Brendan Nelson – now officially “embattled” – appears to have seized on a Liberal-National merger as a lifeline to bolster his leadership.
While his colleagues are all chorusing that Nelson should be given a fair go – and after only three months it’s hard to argue with them – it’s clear that a perception is taking hold that, nice bloke that he is, he is too weak for the job. The perception is coming through both in polling, and in the indiscipline of backbenchers and some shadow ministers.
Driving a fundamental reform like a merger of the conservative parties would give Nelson a chance to demonstrate leadership, and show he’s got the vision thing. And if it was more a takeover of the Nationals than a genuine merger, then all the better from the Liberals’ point of view.
Nelson probably never expected to be the last leader the Liberal Party ever had, but that’s currently his ambition.
But his much-vaunted consultative style will remain a problem. However much his partyroom wants more of a say than it had in the Howard years, Nelson’s emphasis on consultation contributes to perceptions of weak leadership – even though it has been effective in shifting the party closer to the centre on issues like the Stolen Generations apology and IR.
With a stronger profile or greater weight in his party, Nelson might be able to sit back and let 100 flowers bloom and then intervene at the appropriate moment to get what he wanted. But as a new Opposition leader with limited experience and terrible polling numbers, he’s in no position to impose his will.
And all that is doubly true on an issue like the very future of the party. Every MP, Senator, official and member will have a strong view, and the ensuing debate will make the Opposition look self-obsessed. Meanwhile, the Government will get on with the business of governing.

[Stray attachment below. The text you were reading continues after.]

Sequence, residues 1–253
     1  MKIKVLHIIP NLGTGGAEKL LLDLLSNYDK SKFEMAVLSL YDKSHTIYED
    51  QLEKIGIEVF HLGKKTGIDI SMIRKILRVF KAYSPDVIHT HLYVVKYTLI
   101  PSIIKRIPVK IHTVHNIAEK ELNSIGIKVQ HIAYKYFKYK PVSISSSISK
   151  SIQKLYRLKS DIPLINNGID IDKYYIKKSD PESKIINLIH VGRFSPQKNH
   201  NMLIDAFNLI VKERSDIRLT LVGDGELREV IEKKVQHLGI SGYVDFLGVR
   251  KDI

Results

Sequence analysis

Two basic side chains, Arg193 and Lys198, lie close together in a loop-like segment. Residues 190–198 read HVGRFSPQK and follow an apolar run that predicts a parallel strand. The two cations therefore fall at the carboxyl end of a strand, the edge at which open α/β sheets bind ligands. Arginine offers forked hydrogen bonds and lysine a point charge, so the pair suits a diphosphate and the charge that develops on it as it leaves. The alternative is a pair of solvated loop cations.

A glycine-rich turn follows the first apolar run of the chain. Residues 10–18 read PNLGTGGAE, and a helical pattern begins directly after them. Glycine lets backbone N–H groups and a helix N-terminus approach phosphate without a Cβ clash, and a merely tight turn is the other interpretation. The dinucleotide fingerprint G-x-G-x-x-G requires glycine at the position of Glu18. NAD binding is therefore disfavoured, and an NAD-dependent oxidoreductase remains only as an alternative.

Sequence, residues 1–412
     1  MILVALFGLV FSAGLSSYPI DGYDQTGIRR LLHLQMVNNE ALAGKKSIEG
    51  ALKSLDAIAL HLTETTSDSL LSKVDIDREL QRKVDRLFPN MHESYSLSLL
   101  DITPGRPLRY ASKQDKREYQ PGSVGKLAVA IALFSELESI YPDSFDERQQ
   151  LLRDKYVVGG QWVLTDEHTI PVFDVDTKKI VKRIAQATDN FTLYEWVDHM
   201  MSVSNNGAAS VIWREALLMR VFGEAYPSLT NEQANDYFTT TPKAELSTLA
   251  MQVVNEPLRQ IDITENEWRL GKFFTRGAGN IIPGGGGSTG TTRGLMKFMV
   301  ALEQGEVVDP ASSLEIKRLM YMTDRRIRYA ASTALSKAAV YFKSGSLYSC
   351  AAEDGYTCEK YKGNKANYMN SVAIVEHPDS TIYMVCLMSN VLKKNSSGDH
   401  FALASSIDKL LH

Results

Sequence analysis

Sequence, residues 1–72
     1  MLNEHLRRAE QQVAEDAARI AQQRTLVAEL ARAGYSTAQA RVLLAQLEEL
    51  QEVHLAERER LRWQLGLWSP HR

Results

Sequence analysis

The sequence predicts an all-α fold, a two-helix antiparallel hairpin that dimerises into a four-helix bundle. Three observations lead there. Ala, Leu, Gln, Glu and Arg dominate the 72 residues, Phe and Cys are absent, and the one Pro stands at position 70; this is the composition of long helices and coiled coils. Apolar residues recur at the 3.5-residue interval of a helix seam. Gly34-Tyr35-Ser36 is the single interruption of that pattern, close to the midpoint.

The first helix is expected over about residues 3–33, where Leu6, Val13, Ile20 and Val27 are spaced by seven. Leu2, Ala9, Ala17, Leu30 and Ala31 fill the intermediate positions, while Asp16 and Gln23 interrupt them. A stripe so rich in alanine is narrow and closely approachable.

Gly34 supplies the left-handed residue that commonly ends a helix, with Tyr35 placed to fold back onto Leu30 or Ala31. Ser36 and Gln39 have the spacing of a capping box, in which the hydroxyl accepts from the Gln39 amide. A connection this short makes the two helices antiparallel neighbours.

More charitable souls might observe that if you can’t have a debate about fundamental structural reform three months into a long stint in Opposition, then when can you have one.
But it doesn’t help when there’s distractions like Joe Hockey’s move to NSW state politics about. It probably has about as much substance as Malcolm Turnbull being mooted for the same job, or Alexander Downer’s suggested move into SA politics, but it doesn’t contribute to a perception of stability or a desire to fulfil the responsibilities of Opposition.
We’ve had the benefit of the views of plenty of Liberals and Nationals on a merger. But Malcolm Turnbull has kept a low profile on it. While Turnbull worked closely with key rural stakeholders like the National Farmers Federation on water, the God, Queen and Country types in the Nats might not take to kindly to being led by such a prominent republican. And if grassroots opposition to a merger starts to mount within the Liberals, Turnbull might be well-placed to ride that to the leadership.
Nelson’s unlikely to be the only one assessing what a merger means for his leadership.